More seriously, the divided nature of pro-government security forces could be the grounds from which an arms race begins by clans or other armed groups to be used in defense or offense against other rival militias.
Resolving basic security issues. The Somali security forces’ insufficiency of arms is not the only factor that has allowed al-Shabaab to be a continued menace or for general insecurity matters to persist. The strategy and efficacy of the security apparatus to stop guerrilla attacks and to police successfully are equally important.
For example, more arms would not have prevented an alleged al-Shabaab defector from gaining entrance into the heavily protected Villa Somalia government compound and detonating himself in the vicinity of Prime Minister Abdifarah Shirdon.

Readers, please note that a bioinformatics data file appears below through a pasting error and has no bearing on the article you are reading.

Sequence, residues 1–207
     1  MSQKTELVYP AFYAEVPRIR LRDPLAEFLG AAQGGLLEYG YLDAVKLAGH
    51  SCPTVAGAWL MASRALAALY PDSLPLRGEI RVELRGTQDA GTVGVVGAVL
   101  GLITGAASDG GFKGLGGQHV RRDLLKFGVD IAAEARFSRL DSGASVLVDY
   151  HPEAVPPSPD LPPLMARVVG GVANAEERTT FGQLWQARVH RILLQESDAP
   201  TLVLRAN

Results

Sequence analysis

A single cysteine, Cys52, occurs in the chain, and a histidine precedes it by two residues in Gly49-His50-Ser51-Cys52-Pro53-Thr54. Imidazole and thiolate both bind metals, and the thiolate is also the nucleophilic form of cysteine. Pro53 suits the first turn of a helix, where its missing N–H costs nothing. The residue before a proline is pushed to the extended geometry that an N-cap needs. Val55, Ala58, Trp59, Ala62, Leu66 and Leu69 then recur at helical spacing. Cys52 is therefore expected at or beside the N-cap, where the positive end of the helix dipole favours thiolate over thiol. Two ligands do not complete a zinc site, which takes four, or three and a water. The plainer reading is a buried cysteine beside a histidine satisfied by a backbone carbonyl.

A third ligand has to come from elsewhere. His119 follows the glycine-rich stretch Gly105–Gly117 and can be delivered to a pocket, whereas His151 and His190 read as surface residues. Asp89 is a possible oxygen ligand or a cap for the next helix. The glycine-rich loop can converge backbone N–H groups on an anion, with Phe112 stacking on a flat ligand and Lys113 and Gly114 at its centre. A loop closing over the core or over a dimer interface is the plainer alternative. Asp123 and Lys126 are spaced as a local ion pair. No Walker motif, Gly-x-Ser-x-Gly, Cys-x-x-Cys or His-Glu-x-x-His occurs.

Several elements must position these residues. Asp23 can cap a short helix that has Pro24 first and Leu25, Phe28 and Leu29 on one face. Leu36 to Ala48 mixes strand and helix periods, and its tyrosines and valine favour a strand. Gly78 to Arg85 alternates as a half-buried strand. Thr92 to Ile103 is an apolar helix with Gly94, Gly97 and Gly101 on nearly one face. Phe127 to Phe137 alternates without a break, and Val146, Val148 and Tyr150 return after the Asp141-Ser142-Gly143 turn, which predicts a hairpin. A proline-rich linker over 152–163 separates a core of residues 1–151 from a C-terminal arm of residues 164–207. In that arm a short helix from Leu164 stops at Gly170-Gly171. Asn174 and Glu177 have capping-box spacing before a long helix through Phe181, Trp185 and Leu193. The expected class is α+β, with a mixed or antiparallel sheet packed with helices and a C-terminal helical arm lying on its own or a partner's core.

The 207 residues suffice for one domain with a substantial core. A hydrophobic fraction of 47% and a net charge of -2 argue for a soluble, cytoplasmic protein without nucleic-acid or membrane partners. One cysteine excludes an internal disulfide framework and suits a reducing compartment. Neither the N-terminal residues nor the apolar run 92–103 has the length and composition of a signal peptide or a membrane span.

Additionally, the frequent occurrence of mass arrests of al-Shabaab ‘suspects’ or shootouts between government forces warrants a revision of the overall security strategy and the discipline of soldiers and police. The effort to lift the embargo should not overlook these basic security concerns.
Paying Somali security forces consistently. Somali soldiers have long been known to sell their arms provided to them in order to make up for wages not paid to them for months at a time. Therefore, an influx of new arms to government security forces may eventually be funneled to weapons dealers–or even al-Shabaab–if inconsistent pay and other incentives to sell government weapons are not removed.